Having grown up on the golden era of hip-hop and having a love of breaks in general I knew The Mohawks, in particular their late sixties track The Champ as a break from the likes of Afrika Bambaataa, Big Daddy Kane, DJ Shadow and just about anybody who was of note during that time. Even jazz legend Miles Davis sampled it for Fantasy on the Doo Boop album. It was up there with The Winstons Amen Brother, James Brown’s The Funky Drummer and Lynn Collins Think in terms of the impact it had on sampling.
What I didn’t realise at the time was that The Mohawks were a band of British session musicians. There are some interesting comments in the interview:
The musicians had made no money from the sampling of the tracks (I guess its likely that the record labels and publishing companies keep royalties received to themselves)
As session musicians, the tracks were created on an industrial scale going from session-to-session churning out recordings
The Champ was recorded in one take which is unusual for a studio recording
There is a nice circular reference in that The Champ references Otis Redding’s Tramp
Their discussion on how technological change has affected music creation over the past four decades
The video is on YouTube so may not be visible to all readers.
Just before lunar new year an incident happened on Hong Kong’s MTR mass transit system between a group of ‘mainlanders’ and Hong Kong natives.
There are a number of points at which friction occurs between the two societies.
The modern city of Hong Kong has largely been built on the rule of law. It has the second largest police force in the world in term of number of police per member of the population. The ICAC (Independent Commission Against Corruption) cleaned up Hong Kong bureaucracy for the past four decades to a standard that surpasses countries like the UK and the US.
Hong Kong runs on rules that are designed to keep things civil but without the rigidity of say Singapore. China is a bit different. It has gone through enormous wrenching changes over the past three decades and societal norms and customs have struggled to keep pace. Wider altruism that was fostered during Mao’s era is frowned upon and there are legal implications around being a good samaritan that are an unintended consequence of Chinese case law. That doesn’t mean to say that the civic society doesn’t exist, but that it exists in a more laissez-faire environment which can be good in terms of less barriers and more experimental approaches to social problems.
As a Chinese friend once told me:
In the UK you can largely say what you like, in China you can largely do what you like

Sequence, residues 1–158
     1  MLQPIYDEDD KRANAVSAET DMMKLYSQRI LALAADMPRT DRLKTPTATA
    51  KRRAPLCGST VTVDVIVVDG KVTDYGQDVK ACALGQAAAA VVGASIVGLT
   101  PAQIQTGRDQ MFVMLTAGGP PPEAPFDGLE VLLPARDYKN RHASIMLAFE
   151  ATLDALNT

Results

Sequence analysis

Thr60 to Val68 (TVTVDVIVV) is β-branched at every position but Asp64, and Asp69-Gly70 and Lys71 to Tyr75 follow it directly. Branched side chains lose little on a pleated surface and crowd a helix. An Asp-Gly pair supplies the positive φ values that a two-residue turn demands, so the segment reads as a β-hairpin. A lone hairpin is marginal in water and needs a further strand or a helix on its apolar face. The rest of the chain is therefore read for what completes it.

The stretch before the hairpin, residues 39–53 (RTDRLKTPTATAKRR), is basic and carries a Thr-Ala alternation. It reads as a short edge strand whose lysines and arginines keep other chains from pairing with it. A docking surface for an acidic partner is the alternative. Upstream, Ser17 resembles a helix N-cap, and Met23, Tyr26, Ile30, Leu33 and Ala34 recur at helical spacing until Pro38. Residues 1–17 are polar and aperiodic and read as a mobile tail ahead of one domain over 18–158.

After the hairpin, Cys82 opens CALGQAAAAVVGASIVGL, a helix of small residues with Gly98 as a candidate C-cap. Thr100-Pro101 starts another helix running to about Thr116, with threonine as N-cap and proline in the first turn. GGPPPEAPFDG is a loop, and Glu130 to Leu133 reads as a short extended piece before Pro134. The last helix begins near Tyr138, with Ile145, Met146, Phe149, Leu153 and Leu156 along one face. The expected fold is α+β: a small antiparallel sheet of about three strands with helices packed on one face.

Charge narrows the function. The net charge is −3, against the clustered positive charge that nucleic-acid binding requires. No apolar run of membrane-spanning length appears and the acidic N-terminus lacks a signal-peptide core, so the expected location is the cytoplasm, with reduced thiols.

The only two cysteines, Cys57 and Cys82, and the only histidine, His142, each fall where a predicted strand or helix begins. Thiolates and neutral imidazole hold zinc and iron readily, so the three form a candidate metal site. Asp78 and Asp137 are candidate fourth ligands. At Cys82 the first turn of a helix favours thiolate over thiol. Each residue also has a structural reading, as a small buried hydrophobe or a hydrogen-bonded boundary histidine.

This is a foundation for some of the very different world views. Then there are specific points at which friction arises, some of which is similar to the kind of inter-territory rivalry you see between London and other UK cities, or different counties in Ireland:
Perceived levels of sophistication and urbane living versus ignorance, a lack of taste and poor manners
Perceived focus on money and consumerism over everything else in life
Culture or the lack of it (language and food being the main fault lines)
Some of which is legitimate, to name two:
Mainland Chinese desperate to ensure their kids have a Hong Kong identity using underhand techniques to have their children born in Hong Kong. One can understand the desire to do the best for one’s child, but I can also see the Hong Kong side to this as well. In addition, all of this running around cloak-and-dagger style adds additional risk and stress – which can’t be good for mother or child?
Over exploitation of Mainland tourists being forced to shop in certain stores and spend money. This is partly due the subsidised business model that tour operators used to get mainland Chinese to go on shopping trips to Hong Kong. The subsidy came from ensuring that they purchased from certain Hong Kong shops. It is similar in nature to the cheap or free holidays offered to sell timeshare properties in Spain and Portugal – immoral but the rational consumer would realise what they were likely to be stepping into
Here is the video on Tudou without English subtitles:
In a couple of hours Barack Obama goes out live on television across the US to give his State of The Union speech were he sets out what his agenda is for the next 12 months. This one is key because it is his opening salvo in the forthcoming presidential election.
The Obama campaign put out a training video on YouTube explaining how to run a State of The Union watching party, where people host a group in their own home, debate what they would like to see in the speech and then watch it together. As an outsider I found certain aspects of it fascinating:
The whole concept of a meet-up in my house for a political event was something I found a bit uncomfortable, but it seems to be part of American culture
The amount of software the campaign uses to support these events and harvest prospective voter contact details out of them
The primary goal seemed to be to garner contact details for email and SMS purposes – a prospective voter acquisition strategy
It was also a learning organisation; looking to get lessons learned from the sessions on how they could go better in the future
They made a point of de-emphasising social media as a tool to garner invitations and encouraged people to reach out in person or on the phone instead – which I thought was interesting. Social media was a channel, but not the primary one